“I’m getting to that. So, Germany and Italy were eventually defeated, but Japan had different beliefs when it came to war. It was essentially, surrender is never an option and death is more worthy than surrender. So, surrendering was not an option for them. The United States, worried the war would drag on for even longer, turned to president Harry Truman. Truman had to either decide to continue fighting as they had, or threaten them with Project Manhattan. No one really knew what it was, but all he said as a threat was that they would drop a bomb on one of their heavily populated cities.”

“And why would they do that? They could kill everyone!”

“That was kind of the point, Xylion.” Human Isaac said, rolling his eyes.

Xylion sighed, ignoring him. “Anyways…” Human Fredrick said, narrowing his eyes at his crewmate. “Japan refused to surrender, either not believing America or just out of their principle, I can’t exactly remember. So, America sent Little Boy off to Hiroshima. And they dropped the first nuke.”

“A nuke is essentially a large scale bomb. They not only have huge explosions, but they also release a ton of radiation, which is highly poisonous to humans. In large amounts, of course. It can cause different deformities and cancer, which can be incurable in some cases. 70,000 to 80,000 people were killed by the blast, and another 70,000 injured. About 20,000 military personnel were killed and/or injured.”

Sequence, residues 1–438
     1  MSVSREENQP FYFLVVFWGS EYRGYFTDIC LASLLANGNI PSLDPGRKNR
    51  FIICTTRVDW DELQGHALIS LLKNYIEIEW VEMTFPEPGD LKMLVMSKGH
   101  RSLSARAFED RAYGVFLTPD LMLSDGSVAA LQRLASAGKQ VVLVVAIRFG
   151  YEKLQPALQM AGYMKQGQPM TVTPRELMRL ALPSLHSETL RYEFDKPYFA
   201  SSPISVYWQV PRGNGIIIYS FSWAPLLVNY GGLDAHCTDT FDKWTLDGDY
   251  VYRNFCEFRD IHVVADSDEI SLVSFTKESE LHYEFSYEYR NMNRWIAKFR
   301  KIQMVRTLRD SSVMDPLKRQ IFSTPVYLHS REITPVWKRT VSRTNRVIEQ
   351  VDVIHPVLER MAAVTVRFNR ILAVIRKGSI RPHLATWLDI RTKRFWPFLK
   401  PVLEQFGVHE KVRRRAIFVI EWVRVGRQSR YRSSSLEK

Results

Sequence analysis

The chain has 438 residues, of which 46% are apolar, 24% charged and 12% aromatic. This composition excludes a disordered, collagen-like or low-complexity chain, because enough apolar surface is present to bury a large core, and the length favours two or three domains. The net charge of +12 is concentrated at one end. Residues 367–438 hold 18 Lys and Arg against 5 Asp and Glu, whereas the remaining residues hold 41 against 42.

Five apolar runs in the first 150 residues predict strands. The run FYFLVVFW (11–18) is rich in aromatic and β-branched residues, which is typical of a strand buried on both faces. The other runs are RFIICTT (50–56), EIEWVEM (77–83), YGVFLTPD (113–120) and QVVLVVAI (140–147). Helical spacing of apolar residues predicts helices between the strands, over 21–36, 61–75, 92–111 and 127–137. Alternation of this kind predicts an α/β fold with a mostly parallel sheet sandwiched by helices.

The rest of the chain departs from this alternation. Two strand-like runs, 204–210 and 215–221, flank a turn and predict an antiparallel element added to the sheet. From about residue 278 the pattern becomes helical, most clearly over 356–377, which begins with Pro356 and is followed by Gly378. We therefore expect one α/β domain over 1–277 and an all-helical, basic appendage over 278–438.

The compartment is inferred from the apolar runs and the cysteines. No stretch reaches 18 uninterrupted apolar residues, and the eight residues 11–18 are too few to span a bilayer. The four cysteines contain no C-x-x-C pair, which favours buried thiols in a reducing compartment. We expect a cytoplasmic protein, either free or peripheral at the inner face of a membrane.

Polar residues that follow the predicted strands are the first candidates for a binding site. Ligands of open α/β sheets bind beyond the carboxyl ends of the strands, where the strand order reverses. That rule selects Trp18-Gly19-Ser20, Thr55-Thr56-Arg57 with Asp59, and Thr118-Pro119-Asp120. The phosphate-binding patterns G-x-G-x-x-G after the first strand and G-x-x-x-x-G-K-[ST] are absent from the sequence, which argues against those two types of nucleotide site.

Xylion couldn’t believe what he was hearing. With that many dead, surely they would’ve changed their principle, right? Accepted defeat?

“So they stopped fighting?”

“No. They refused to surrender, so we were forced to drop another bomb on them. Fat Man. We dropped it on Nagasaki, another Japanese city. The death toll, in it’s entirety, grew to 129,000 to 240,000, though some believe the total death toll could be higher. Japan soon surrendered.”

Xylion felt his body begin to get covered in mucus. He grimaced. “Surely you don’t use them anymore, right?”

“Of course. Nuclear weapons are strictly banned in military wars. Now, it’s used as energy and fuel.”

“At least Japan has moved back into those cities, correct? Rebuilt everything?”

“Well…”

“Well what?”

Human Fredrick scratched the back of his head. “The cities are still uninhabitable.”

“What.”

“See, the radiation is still sticking around, and it will stay there for a few decades, I believe. No one can set foot in there without getting sick or dying.”